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Re: xfs.fsck change that is unhelpful

To: Linda Walsh <xfs@xxxxxxxxx>
Subject: Re: xfs.fsck change that is unhelpful
From: Dave Chinner <david@xxxxxxxxxxxxx>
Date: Mon, 16 Aug 2010 11:55:05 +1000
Cc: xfs-oss <xfs@xxxxxxxxxxx>
In-reply-to: <4C674AE8.7030107@xxxxxxxxx>
References: <4C670101.8050901@xxxxxxxxx> <20100815005240.GH10429@dastard> <4C674AE8.7030107@xxxxxxxxx>
User-agent: Mutt/1.5.20 (2009-06-14)
On Sat, Aug 14, 2010 at 07:03:20PM -0700, Linda Walsh wrote:
> Dave Chinner wrote:
> >On Sat, Aug 14, 2010 at 01:48:01PM -0700, Linda A. Walsh wrote:
> >>Some time ago, when I upgraded a system, I ran into problems when
> >>it hit a file system that was offline.  It wasn't a critical
> >>partition, so it normally wouldn't have been an issue, but somewhere
> >>along the line
> >>someone mangled fsck.xfs.
> >
> >fsck.xfs is behaving identically to e2fsck when presented with an
> >invalid block device - it exits with an error of 8, which is defined
> >as "operational error" in the e2fsck man page.
> ---
>       That may be fine for the ext2 fs, but I am asserting that in actual
> practice, with xfs, it does more harm than good.

For whom?

> >That sounds like a problem with the distro init scripts or you've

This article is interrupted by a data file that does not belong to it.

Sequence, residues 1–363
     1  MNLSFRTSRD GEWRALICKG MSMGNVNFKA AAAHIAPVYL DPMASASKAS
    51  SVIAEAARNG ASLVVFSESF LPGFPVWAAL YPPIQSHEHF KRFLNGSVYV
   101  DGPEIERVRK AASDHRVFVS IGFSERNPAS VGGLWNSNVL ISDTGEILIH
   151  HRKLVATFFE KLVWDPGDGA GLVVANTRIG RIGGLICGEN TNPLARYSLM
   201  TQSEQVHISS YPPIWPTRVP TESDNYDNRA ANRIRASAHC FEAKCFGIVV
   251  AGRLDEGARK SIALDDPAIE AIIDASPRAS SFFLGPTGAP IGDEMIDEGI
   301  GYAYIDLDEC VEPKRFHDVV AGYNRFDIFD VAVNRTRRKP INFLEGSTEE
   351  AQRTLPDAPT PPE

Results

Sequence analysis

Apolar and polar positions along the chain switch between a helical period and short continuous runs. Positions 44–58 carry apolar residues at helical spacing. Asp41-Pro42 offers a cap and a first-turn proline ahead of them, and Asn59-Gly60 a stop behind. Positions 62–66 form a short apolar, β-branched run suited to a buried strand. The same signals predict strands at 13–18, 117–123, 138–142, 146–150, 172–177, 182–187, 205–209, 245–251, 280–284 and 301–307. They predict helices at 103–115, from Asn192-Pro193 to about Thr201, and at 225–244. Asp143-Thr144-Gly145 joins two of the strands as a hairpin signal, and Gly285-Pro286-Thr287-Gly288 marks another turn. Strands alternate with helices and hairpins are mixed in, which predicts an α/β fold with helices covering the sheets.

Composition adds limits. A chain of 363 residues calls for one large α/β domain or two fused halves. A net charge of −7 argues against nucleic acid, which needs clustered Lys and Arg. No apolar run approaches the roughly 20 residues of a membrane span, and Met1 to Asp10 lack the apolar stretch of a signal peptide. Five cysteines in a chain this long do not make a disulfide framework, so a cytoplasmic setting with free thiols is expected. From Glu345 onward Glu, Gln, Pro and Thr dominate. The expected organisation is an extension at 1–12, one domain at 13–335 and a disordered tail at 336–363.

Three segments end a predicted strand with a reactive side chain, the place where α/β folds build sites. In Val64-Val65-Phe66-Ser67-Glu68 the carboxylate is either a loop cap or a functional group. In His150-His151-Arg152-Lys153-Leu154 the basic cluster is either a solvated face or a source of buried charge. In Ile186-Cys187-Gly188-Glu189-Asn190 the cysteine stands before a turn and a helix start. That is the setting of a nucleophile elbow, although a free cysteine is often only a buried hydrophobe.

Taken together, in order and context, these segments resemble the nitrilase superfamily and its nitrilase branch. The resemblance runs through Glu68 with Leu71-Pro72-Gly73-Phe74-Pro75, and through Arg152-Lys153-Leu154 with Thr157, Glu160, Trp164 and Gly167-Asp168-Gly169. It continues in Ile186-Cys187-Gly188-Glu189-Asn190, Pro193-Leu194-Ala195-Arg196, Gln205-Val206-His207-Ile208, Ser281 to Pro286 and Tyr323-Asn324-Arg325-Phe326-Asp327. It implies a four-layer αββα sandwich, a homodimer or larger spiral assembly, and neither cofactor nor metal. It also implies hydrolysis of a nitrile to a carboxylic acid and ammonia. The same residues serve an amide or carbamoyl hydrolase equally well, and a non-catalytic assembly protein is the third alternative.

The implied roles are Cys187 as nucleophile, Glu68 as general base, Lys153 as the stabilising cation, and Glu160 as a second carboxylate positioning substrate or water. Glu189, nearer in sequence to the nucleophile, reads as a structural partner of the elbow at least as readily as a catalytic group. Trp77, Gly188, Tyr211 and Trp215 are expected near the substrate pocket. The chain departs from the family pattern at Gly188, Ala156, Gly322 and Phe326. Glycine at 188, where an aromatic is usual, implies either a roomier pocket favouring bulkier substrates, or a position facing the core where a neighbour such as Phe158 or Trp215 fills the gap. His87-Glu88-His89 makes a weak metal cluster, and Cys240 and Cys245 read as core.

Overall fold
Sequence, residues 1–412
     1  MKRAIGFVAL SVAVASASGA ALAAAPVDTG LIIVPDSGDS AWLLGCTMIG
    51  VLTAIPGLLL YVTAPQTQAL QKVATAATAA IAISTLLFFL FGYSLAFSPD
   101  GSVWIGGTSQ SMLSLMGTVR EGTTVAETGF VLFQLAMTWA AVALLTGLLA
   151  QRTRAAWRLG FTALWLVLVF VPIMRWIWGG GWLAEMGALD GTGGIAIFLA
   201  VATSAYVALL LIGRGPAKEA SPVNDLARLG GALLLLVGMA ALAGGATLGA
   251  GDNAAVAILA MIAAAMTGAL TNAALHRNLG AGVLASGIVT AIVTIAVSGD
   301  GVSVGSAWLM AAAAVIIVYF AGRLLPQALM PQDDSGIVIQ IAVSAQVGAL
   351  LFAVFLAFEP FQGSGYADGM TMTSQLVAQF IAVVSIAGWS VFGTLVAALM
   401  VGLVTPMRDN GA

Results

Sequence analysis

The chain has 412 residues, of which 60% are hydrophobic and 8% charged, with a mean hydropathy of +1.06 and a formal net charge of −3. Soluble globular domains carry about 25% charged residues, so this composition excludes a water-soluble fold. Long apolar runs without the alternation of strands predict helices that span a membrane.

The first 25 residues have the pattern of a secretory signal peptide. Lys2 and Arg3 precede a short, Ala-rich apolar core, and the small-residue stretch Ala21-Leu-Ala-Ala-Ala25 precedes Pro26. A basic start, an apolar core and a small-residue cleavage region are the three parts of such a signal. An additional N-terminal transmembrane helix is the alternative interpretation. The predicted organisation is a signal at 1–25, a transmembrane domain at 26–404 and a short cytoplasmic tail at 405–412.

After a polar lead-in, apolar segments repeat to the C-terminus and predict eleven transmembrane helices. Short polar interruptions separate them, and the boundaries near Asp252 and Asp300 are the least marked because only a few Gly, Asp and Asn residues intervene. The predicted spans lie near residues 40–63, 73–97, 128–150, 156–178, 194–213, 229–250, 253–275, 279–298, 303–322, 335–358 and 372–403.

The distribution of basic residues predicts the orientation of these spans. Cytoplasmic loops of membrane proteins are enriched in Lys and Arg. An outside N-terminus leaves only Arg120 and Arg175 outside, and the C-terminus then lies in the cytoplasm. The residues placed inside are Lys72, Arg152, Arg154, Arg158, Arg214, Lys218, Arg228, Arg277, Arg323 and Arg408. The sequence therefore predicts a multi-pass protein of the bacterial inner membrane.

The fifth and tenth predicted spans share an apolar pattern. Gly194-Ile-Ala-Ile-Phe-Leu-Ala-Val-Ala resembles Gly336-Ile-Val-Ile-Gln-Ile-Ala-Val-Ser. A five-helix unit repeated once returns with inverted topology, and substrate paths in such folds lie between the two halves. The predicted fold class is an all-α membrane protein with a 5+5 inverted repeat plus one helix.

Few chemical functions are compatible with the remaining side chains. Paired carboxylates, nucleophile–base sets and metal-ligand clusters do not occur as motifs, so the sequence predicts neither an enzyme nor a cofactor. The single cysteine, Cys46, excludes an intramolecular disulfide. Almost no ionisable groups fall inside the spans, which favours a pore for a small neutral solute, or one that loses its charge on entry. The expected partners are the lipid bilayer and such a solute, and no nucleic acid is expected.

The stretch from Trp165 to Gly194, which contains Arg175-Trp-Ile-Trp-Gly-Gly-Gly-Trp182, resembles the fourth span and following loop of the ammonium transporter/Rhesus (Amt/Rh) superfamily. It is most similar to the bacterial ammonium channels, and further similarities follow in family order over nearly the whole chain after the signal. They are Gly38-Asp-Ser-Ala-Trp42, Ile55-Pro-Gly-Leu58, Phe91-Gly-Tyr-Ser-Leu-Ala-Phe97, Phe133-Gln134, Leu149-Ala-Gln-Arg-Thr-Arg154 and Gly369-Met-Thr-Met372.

> >stuffed up your /etc/fstab config (i.e. fs_passno is wrong). Indeed,
> >setting fs_passno = 0 will cause the filesysetm fsck to be skipped
> >completely on boot, regardless of the fs type...
> ---
>       Yes, you are right.  They are setup to be check in the order
> I would want them mounted.  But I don't see the benefit to being
> compliant with a checking mechanism for a file system that is
> actually needs fsck.
>       It was long a *feature* of xfs, that xfs.fsck, was a noop.

It wasn't a feature - it was simply to ensure that initscripts
worked. There was simply no reason for it to do anything else until
someone discovered that their booot problems were caused by
non-standard behaviour. i.e.  fsck wasn't catching non-existent
devices and telling the init scripts...

Fundamentally, a filesystem should integrate with common
infrastructure as best as possible, and if that means behaving like
other fsck programs for missing block devices, then IMO we
absolutely should be doing that.

>       I don't see that making it fail in ways fsck does for a file
> system that *needs* fsck, is productive.  Sure, it may be dotting i's
> and crossing t's, but in reality, is that a standard xfs should be
> living down to?

Being different for the sake of being different is misguided at
best. There's a time and place for differentiation between
filesystems, but interactions with init scripts is definitely
not that place.


Dave Chinner

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